RVC
 

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Martek old school

I had an old 750 K model that had the old Martek electronic conversion on it. Bought the 3ohm (green) and the Dyna S for my new old 76 KZ900, did the coil relay thing and man with the electronic it has a super strong spark. Now if I had the head back I could go riding.
 

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One important thing to check is the voltage at the coils.

With a fully charged battery in the bike, you should see 12.5v or slightly better when you check the voltage across the battery terminals. If you check the voltage at the coils (yellow/red is the switched power) back to the battery, you need at least 11v - ideally 11.5v or better. On many of the old Z1's, you can see voltage as low as 9v - and when you put so little juice into the coils, you will get a very weak spark...

Cleaning all the electrical contacts may help get it back within range, but if not, there's a fairly simple relay installation that will guarantee good voltage to the coils.

if i try the coils power.. i realized that I put a tip of the tester to the wire yellow / red, but the mass where it is better that I take? anywhere on the chassis frame?

sorry for english :oops:
 

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Discussion Starter #12
No need to apologize for the English there Cucco. You're doing a lot better than I could with Italian.

If I understand your question correctly you are looking for where you should touch the negative probe on your multimeter. Probably the best place would be the negative terminal on the battery. Any place on the chassis should work assuming you have good contact with metal there and the connection between the battery and the chassis is good.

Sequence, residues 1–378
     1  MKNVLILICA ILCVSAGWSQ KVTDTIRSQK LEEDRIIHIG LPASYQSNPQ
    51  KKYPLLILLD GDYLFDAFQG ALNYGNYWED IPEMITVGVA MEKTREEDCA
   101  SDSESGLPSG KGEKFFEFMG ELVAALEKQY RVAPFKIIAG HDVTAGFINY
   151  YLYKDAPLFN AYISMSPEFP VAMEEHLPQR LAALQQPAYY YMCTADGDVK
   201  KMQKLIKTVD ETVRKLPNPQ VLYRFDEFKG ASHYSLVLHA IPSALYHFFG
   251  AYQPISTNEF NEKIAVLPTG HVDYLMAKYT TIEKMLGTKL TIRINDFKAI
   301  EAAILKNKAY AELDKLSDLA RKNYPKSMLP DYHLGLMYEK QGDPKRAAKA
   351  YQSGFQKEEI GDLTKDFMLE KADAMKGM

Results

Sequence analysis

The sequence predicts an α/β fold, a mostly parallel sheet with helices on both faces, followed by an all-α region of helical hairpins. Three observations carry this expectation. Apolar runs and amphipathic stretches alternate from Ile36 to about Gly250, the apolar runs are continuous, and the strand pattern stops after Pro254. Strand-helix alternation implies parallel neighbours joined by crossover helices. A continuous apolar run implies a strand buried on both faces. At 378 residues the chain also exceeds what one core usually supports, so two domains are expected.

All the best.

RVC
 

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If you want to get a "true" reading of the power at the coil, disconnect the + wire from the coil then use the the ends of the + and - wires as your test point. There could also be some voltage loss from the ground side just like the + side.
 

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Discussion Starter #15
If you want to get a "true" reading of the power at the coil, disconnect the + wire from the coil then use the the ends of the + and - wires as your test point. There could also be some voltage loss from the ground side just like the + side.
The only problem with this is the coil ground goes through the points. If the points are open there will be no reading as the circuit will be open. Unless I am missing something...

RVC
 

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If the points are open there will be no reading as the circuit will be open. Unless I am missing something...

RVC
That is a big "if" considering the amount of time the points are open during the rotation of the engine but in your case you have a kick starter so it's an if that is easily corrected.